When culture fails us, nature and objective truth become vital guides and aids. Just as we need to escape to the forests and hills to refresh ourselves from a life that has become overly artificial and technocratic, so the painter must put aside his camera and books of art theory, and clarify his vision by trying to record an unmediated image with an ‘innocent’ eye. If done in good faith, the result will always communicate a truth and a beauty, but this is only a starting point, a small part of what the art can encompass.

In my own work I have tried to span the worlds of reality and possibility, to present ‘unknown things with a relation to such things as are’. I call these Philosophical Paintings not as a profession of faith in my own special wisdom, but in explicit recognition of the dilemmas and duties that all painters face today. We must reassert Horace’s claim that ‘wisdom is the starting point and source’ of all that is good in art. If we wish to use painting as a mirror of the soul, an avenue to self-knowledge or a vehicle of high culture, we must unlock the power of the symbol, and with it, the mythopoeic imagination. But no painter can do this alone: there must be willing accomplices.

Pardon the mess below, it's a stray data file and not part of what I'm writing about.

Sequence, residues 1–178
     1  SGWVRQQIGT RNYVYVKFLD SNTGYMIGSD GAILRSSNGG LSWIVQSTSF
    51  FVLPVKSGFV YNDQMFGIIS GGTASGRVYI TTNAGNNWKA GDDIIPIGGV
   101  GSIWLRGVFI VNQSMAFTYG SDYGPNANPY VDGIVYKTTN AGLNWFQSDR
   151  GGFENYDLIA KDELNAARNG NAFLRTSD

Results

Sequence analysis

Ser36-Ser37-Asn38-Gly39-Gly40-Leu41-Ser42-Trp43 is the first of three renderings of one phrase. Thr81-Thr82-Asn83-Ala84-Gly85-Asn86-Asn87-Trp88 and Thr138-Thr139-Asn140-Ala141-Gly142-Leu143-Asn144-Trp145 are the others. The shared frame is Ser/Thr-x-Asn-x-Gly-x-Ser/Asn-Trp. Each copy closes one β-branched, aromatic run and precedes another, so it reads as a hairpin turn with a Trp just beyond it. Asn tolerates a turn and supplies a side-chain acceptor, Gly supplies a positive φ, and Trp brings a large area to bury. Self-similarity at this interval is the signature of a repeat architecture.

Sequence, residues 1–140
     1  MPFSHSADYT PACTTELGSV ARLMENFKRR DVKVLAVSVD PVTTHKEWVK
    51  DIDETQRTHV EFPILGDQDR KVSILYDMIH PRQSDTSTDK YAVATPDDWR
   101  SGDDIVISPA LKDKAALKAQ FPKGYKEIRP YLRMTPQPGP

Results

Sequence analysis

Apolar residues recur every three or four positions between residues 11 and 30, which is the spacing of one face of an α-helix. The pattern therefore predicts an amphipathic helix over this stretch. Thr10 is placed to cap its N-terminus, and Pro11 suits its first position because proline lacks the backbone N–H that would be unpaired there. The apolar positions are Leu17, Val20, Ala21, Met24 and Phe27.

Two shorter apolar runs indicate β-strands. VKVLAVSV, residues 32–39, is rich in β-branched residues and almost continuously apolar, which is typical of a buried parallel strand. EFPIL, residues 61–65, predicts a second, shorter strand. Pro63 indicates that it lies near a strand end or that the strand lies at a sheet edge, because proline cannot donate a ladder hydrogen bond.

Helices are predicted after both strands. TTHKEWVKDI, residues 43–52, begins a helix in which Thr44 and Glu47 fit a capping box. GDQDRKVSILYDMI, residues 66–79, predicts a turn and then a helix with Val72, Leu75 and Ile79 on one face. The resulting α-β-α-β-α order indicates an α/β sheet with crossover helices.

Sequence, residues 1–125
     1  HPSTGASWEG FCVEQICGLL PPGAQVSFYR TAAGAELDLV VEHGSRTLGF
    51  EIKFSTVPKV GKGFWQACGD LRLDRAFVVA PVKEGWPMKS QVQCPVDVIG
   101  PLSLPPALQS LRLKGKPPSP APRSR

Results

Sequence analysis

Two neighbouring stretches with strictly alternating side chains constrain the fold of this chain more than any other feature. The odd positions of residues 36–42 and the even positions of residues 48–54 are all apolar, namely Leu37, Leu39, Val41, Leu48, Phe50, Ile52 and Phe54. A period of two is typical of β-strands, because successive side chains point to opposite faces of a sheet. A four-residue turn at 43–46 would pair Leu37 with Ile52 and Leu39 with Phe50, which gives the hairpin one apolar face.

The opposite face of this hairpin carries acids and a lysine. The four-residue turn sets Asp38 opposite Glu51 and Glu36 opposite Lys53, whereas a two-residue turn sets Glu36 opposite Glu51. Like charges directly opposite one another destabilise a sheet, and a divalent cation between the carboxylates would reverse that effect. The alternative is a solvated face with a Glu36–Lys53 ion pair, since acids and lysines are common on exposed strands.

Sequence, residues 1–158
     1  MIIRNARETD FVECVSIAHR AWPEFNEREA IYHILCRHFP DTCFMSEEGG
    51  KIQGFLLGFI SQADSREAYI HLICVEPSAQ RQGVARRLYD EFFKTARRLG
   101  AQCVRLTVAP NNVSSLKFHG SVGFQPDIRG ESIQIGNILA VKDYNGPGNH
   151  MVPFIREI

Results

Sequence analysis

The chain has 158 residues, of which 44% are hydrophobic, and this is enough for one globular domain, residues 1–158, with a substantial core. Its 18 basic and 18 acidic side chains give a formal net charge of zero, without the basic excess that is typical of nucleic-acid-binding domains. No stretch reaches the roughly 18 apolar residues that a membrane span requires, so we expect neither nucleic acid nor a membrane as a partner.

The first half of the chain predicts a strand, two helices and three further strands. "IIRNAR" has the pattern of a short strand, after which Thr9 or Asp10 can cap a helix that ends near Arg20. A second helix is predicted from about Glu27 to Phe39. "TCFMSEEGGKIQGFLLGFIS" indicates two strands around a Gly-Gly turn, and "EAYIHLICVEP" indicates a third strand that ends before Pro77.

In my still-life paintings I have endeavoured to embody the honesty of realism; to capture the weight and feel of the real, its peculiar intractability and its tendency to get the better of us eventually, in one way or another. We need to come to terms with reality; it is the rock on which our ideals mostly founder, but it is also our foundation, ‘where all the ladders start’, and thus is fit for celebration.

I conceive my figures as symbolic, each the embodiment of an aspect of wisdom; the reflection of something in all of us. Each one responds to Gauguin’s three questions, and manifests a truth of the heart, both as an offering and as a challenge.

I hope you find the offering acceptable, and the challenge worth meeting.

Conor Walton,
May 2006

This essay was originally published in Conor Walton: Philosophical Paintings, exhibition catalogue, Jorgensen Fine Art 2006.

Fruit Picker, oil on linen, 48 x 36 inches, 2006, private collection.